FringeReview UK 2021
Directed by Richard Beecham, Set and Costume Design by Simon Kenny, Adrienne Quartly Sound Designer and Ben Ormerod Lighting Designer. Till November 20th when it transfers to Bath November 24th -December 4th December.
When Jermyn Street mounted Trevor Nunn’s Beckett triple bill in January 2020 it confirmed the theatre’s deep-delved intimacy as ideal, yoking a well-known classic Krapp’s Last Tape with tantalising slivers Eh Joe and The Old Tune. The overall effect’s a warm acoustic zero below street level.
Richard Beecham’s production of Footfalls from 1975 and 1980’s Rockaby offers two shorts often yoked together. They revel in the space’s suggestive regression as Simon Kenny’s two sets are etched side by side in Ben Ormerod’s lighting. For Footfalls there’s a raised platform with a lit edge: somewhere between a catwalk and walking the plank. Rockaby’s circumscribed with a light cube, inside which a rather modern armchair (not the stipulated polished wood with inward arms embracing) awaits Sian Phillips.
It’s an aestheticaly clinical decision and works throughout. Kenny ensures the almost de rigeur matte black informs sets and costumes; and though Ormerod’s lighting illumines Charlotte Emmerson more than Phillips, it’s still more liminal than the 2014 production of this pairing (along with Not I) at the Royal Court and West End, all parts memorably taken by Lisa Dwon.
The most striking addition is Adrienne Quartly’s wintry sound design wrapped round the opening of Footfalls, as Emmerson’s not very ‘prematurely aged’ May listens to her dying mother’s interrogative counting of nine steps and wheel, mixing solicitude with ritual. Referring to the mother as ‘Voice’ skews but doesn’t shroud the relationship. Everything Emmerson does is dramatically as well as fictionally syncopated by Voice. Emmerson ghosts up in a half-glance at best, keeps her responses keyed below Voice’s level.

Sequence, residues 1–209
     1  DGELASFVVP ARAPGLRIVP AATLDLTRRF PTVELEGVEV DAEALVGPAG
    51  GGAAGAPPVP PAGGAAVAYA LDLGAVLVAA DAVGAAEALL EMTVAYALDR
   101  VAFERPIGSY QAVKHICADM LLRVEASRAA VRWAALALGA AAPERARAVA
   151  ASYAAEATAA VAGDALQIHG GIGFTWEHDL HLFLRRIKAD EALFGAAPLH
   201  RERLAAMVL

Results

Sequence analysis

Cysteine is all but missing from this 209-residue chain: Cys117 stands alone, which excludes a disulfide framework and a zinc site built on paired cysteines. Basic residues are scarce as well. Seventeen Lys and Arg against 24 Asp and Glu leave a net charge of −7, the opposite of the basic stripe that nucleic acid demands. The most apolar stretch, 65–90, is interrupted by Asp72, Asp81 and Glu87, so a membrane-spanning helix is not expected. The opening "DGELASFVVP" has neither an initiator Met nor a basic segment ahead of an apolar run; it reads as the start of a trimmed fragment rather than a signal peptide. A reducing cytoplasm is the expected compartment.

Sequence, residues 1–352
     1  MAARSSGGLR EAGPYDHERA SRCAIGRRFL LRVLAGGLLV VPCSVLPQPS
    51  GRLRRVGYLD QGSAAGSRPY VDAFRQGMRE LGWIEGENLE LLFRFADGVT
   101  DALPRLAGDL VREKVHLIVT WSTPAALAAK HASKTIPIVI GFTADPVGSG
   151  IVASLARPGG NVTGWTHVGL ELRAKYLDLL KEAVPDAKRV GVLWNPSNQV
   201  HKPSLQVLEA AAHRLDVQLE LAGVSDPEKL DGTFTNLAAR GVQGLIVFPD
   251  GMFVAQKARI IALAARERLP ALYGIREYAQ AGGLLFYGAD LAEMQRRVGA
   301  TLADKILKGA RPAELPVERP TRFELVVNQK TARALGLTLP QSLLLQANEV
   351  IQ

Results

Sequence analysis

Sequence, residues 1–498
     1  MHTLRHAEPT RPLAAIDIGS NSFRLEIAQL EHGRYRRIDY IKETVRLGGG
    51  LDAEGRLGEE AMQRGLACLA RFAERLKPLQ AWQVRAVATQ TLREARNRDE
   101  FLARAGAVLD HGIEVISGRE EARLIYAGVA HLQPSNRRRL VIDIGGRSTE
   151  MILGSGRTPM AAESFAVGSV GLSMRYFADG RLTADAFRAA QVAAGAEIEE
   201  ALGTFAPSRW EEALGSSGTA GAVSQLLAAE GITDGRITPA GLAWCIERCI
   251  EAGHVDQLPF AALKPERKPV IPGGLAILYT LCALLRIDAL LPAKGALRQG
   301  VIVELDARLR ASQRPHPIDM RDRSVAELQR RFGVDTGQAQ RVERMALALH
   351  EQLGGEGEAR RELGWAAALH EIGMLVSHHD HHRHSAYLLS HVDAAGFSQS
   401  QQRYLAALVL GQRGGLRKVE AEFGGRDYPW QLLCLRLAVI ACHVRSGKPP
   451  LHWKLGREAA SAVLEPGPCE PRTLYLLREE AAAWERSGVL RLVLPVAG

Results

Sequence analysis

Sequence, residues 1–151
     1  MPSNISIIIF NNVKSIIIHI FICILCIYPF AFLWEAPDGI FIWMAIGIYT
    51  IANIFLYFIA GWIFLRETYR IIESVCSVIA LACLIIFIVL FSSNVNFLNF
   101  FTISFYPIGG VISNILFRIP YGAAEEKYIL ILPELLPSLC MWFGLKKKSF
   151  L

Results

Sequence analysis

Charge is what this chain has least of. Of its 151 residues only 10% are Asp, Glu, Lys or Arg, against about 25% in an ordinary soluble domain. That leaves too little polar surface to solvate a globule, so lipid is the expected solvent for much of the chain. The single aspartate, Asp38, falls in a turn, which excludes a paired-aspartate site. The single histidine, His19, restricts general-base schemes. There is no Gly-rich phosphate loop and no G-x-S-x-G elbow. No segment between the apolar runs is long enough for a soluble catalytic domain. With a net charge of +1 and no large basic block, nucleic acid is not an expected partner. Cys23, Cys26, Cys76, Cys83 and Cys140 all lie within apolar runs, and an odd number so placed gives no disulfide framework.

For instance May would like her footfalls to be heard, to remove the carpet, but Voice says she’ll always hear her in the deepest sleep. This maternal play of exploitative regret and daughter’s learned lessness is the spine of this co-dependency: whether in calculating their respective ages (ninety, forties), where the pay-off’s ‘I had you late… Forgive me’ as if that ensures servitude, or Voice recalling how early May retreated from girlhood and lacrosse to stay indoors, where later on there’s a shift of identity in the long monologues, dominated by Phillips’ voice. Again Emmerson plays this as haunted undersinger against Voice’s amplified one.
The same almost applies when Phillips forms a palimpsest over herself in Rockaby, but never once do her relatively few words turn a decibel on her amped self. Phillips’ face is outlined in a light-dulled silver, a clear evocation of Beckett, or some of his later actors. Phillips achieves the near miraculous balance of sibylline detachment and anguished self-communing. As if the mother invoked comments on the daughter, and the daughter in turn reinvokes her from a place of present darkness.
It’s a litanic piece, running a river of short verse-lines with built-in pauses in contrast to Footfalls’ slabs of direction-aerated prose.
Here another ‘prematurely aged’ now solitary woman seeks the window to connect to something. Language in prayerful repeats evokes how ‘mother rocked/all the years/all in black/best black… till the end came’ and if you construct a temptingly simplistic narrative, his might be May. Against that is May’s ninety-year-old mother being bed-ridden, and of course these plays’ discrete entities. What is undeniable is Rockaby preludes 1981’s short novel Ill Seen Ill Said memorably delivered by the dying Patrick Magee on Radio 3 the following year.
Rockaby does though imply daughterly succession, a woman shrunk beyond her mother’s scope, with no child of her own and ‘famished eyes’, determined – in ‘time she went right down’ – to go earlier to her grave, invoking her mother’s own years before as a rite of passage: with one unexpected verbal kick just before the end.
Emmerson humanises May in her very skeined withdrawal, and Phillips, omnipresent in both pieces, terraces Voice and her other self against her own persistent, never insistent utterance. Dwon, one of our greatest Beckett actors, was fiercely impressive in all three pieces in 2014. Emmerson and Phillips though, make their parts indelible, and add to Beckett’s stock of pity, stoicism and a window on death. Outstanding.